Credentials Display

Emily Raphael-Greenfield, EdD, OTR/L, FAOTA; Kimberlee Baltich, MSW; Tess Wilson, MSOT; Rebecca Lowinger, MSOT


Background: An estimated 25% of the homeless population has a mental illness, which means that many experience cognitive problems that adversely impact basic and instrumental activities of daily living and goal attainment. This case report focused on the experience of an individual living in transitional housing who was evaluated with a performance-based occupational therapy assessment in the context of community-based interdisciplinary psychosocial care provided by a robust occupational therapy fieldwork program.

Method: This case report generally followed the CARE Case Report Guidelines and highlights the use of a standardized performance-based assessment and follow-up care suggested by test outcomes.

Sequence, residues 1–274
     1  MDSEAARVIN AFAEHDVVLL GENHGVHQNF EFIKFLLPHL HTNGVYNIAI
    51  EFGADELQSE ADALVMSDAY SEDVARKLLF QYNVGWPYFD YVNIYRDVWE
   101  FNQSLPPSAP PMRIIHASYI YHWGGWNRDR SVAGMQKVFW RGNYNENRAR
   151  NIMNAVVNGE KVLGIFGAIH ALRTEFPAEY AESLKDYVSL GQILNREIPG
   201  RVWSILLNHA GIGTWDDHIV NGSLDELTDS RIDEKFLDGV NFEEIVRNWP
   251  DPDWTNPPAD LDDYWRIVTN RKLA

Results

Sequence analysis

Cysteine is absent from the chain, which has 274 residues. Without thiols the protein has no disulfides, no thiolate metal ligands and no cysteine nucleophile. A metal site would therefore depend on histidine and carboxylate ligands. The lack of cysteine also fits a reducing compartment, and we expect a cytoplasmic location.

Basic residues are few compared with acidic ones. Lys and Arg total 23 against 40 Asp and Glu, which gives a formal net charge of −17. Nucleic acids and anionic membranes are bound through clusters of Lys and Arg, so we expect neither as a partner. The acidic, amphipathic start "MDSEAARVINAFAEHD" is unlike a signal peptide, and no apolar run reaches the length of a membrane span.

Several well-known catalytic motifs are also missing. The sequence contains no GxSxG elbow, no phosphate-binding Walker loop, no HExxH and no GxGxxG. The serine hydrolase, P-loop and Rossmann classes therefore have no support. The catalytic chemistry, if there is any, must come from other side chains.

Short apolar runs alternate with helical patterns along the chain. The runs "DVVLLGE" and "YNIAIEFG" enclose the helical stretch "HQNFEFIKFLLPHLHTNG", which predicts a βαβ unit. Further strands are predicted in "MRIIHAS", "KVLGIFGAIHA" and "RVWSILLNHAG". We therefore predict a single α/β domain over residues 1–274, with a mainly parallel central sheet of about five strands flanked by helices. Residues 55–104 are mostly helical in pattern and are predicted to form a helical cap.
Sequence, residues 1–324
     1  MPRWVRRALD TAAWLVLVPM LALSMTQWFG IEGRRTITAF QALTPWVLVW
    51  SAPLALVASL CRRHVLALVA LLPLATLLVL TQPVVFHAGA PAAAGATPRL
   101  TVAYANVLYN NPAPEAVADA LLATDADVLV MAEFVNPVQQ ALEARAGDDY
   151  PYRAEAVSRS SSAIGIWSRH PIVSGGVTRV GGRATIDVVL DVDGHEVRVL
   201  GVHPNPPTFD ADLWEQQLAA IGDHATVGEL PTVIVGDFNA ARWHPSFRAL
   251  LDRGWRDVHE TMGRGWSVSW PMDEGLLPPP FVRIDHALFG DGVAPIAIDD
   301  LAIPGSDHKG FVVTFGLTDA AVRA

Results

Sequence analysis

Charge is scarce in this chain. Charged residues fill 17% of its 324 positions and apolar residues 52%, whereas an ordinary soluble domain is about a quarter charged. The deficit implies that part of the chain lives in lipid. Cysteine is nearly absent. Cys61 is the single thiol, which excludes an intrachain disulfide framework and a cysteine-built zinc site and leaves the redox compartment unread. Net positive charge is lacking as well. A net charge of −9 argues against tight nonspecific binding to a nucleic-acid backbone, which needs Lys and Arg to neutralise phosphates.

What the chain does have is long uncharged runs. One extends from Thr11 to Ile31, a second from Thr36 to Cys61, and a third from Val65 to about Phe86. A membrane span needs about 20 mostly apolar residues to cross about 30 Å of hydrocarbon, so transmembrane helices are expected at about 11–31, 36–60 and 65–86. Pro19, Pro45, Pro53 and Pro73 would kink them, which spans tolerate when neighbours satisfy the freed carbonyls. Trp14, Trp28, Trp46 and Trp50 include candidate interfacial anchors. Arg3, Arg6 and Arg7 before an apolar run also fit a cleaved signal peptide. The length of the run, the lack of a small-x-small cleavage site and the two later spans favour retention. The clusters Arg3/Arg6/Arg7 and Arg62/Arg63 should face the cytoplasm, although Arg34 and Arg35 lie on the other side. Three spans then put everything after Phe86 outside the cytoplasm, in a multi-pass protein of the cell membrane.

Results: This assessment confirmed that the client did not have executive function problems, rather his performance was impeded by social anxiety and agoraphobia. It also identified his occupational strengths, including a passion for art and his desire to reconnect with his family and take steps toward more independent housing.

Conclusion: The standardized performance-based occupational therapy assessment of executive function carried out in a natural group setting confirmed its value in a psychosocial rehabilitative transitional housing program.


The authors declare that they have no competing financial, professional, or personal interest that might have influenced the performance or presentation of the work described in this manuscript.